For the one-clan enclave, the success of the secession to deliver their aspirations, namely a born-again recognized Independent Somaliland, in which they are the masters, was predicated as a minimum on two prerequisites: first the ability to maintaining the quasi colonial occupation of recalcitrant unionist northern regions (SSC) to ensure break with Somalia; and, secondly, maintaining a united front within the clan to pursue its goals. When those occupied are freeing themselves and the clan’s unity is falling apart, as both are happening now, then the days of the secession are numbered.
The one-clan enclave had a good run for its money, as the secession, the occupation and their unity lasted most of these years since 1991 beyond its expectation. But sooner or later, its day of reckoning was bound to catch up with it as it is doing now with vengeance. An unstoppable wind of change is sweeping the occupied areas of the SSC regions. Within a fortnight, the unionist clan in Sanaag threw off the yoke of occupation and at last they are masters of their own region. The Cayn region (aka Buuhoodle) is not in contest as it has never been occupied in the first place having successfully defeated successive invasions mounted by the enclave.
The enclave’s s control in the unionist SSC regions is fast unraveling with Sool – mainly around the capital Lascanod and its environs – remaining its final foothold. As Sanaag’s liberation snowballs and heads for Sool, the enclave’s militias are getting the jitters. The die is cast for the end of the occupation and those who remain are unlikely to dig in and die for a lost cause. They will see no point in sacrificing their lives all the more when internecine intra-clan fighting, and armed clan militias battling the army, are tearing the one-clan enclave apart.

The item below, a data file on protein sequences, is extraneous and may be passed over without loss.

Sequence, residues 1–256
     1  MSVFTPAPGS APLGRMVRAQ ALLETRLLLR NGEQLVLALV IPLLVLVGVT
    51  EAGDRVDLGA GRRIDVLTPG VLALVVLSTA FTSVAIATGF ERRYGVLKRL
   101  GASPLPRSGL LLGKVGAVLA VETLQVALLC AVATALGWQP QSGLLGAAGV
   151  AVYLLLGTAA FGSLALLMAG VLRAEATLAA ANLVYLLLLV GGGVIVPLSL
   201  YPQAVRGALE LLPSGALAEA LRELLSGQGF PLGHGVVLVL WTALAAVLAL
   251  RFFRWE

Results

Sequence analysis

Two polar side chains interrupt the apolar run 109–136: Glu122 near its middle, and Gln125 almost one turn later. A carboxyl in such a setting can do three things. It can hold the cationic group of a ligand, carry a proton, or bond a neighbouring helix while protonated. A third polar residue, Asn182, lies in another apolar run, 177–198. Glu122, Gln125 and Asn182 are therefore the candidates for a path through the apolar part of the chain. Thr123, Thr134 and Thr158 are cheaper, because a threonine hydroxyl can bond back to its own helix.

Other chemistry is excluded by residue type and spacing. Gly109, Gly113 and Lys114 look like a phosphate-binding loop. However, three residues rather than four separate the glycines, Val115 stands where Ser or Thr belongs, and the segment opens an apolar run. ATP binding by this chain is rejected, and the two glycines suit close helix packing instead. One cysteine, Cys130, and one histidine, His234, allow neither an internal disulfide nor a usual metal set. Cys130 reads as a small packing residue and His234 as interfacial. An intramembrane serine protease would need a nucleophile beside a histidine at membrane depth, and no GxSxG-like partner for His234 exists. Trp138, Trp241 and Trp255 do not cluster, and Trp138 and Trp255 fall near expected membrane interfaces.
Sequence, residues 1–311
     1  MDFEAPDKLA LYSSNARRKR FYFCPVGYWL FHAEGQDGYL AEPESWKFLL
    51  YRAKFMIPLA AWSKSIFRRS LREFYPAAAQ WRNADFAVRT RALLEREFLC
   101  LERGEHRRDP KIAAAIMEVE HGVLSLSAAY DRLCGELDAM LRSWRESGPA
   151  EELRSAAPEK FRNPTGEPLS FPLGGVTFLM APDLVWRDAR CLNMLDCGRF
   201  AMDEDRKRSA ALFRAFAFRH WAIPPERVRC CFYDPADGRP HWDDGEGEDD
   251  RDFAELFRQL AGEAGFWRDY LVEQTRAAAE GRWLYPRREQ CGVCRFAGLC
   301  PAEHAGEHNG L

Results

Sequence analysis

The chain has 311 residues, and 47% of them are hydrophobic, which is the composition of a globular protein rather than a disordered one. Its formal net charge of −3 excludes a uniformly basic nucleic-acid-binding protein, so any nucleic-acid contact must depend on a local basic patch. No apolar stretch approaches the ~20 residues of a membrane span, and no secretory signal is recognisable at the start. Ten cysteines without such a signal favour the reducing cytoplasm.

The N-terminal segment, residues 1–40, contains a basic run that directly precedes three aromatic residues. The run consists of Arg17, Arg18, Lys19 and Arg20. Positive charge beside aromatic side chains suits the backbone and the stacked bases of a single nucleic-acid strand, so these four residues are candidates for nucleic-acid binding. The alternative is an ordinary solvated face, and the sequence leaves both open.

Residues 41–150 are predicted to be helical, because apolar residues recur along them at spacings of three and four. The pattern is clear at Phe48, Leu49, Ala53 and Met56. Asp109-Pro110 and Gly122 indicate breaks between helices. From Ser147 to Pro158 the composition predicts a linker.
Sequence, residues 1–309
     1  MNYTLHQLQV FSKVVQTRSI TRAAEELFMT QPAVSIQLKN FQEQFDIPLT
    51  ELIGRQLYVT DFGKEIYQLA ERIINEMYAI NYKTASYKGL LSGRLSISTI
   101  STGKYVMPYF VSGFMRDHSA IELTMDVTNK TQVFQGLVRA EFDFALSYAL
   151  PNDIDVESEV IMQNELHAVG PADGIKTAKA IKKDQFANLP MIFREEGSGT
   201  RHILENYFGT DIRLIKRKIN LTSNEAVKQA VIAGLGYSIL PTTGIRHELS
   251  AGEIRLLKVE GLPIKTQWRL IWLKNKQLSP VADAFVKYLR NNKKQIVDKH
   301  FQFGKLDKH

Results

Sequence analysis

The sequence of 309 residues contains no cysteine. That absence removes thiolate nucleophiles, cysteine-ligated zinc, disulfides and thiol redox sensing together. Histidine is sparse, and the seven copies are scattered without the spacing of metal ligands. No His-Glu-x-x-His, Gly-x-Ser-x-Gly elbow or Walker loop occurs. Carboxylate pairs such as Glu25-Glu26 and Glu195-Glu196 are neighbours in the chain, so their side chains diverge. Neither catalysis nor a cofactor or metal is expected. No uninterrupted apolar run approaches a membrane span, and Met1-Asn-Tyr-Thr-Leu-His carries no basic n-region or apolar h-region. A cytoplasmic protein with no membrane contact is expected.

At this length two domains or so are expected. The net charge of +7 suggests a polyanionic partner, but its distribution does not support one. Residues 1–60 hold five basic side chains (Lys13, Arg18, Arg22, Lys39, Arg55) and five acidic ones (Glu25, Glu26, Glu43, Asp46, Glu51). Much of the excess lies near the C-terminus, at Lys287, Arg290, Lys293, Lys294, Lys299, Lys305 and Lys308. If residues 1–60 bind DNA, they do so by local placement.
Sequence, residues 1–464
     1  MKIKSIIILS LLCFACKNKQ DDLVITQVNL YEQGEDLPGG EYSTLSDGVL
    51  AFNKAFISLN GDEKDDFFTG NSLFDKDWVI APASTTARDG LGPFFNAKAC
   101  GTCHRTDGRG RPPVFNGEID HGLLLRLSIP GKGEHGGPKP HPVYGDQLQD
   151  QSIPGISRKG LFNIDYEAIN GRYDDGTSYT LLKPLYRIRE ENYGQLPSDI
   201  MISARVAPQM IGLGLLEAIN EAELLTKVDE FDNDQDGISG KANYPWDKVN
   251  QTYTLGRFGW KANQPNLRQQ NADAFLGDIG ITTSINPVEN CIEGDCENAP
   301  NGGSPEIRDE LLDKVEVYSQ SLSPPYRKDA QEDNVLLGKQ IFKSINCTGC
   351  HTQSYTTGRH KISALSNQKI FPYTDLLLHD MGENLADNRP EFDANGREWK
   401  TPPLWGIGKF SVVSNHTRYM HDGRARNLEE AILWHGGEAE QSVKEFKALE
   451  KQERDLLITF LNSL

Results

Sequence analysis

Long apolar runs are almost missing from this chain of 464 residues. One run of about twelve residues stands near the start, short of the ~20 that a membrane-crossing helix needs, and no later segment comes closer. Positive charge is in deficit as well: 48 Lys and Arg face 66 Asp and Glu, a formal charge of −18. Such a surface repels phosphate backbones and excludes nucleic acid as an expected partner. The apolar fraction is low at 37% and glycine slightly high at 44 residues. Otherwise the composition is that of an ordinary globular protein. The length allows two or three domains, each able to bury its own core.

The demise of the secession is now ineluctable, facing as it does both the imminent defeat of the occupation of the SSC regions, and a clan and its administration turning out to be their worst enemies. Their failure is victory for Somalia, no thanks to Farmaajo, Khayre or company who raised no finger to defend the union but put all their efforts to topple regional leaders. Thanks are instead due to the descendents of the Darwiish. Like their forefathers who refused to surrender to the mighty British, they too refused to surrender to their protégé in defence of the union.
When it comes to Somalia’s so-called international partners, it is their support more than the inaction of the federal government and Puntland that is in reality the enclave’s sustainer economically and hence the maintainer of its separatist aspirations, all to the detriment of Somalia. This is in sharp contrast to their robust stand against previous African secessionists. Inevitably, this begs the question of why Somalia is the exception and what is their hidden strategic design on Somalia.
Many Somalis believe, rightly or wrongly, that the same European powers that partook in the curve –up of the Somali nation in the 19th Century are now scheming for their own ends the breakup of a strategic, potentially rich Muslim country in the Horn. That deep-seated history is ingrained in the Somali subconscious. It is a history that will not be lost upon them so long as these powers are seen to be propping up a breakaway one-clan enclave, just as their professed support for Somalia’s unity and territorial integrity would go down as cynical and hollow. In spite of their actions, the tide is inexorably turning against the one-clan secession. It would be in their interest – as it is for Somalia – to swim with this tide rather than against it. The Somali nation will neither forgive nor forget if twice wronged.
Email: Osman.hassan2 @gmail.com
Osman Hassan is a seasoned journalist and a former UN staff member. Mr Hassan is also a regular contributor to WardheerNews.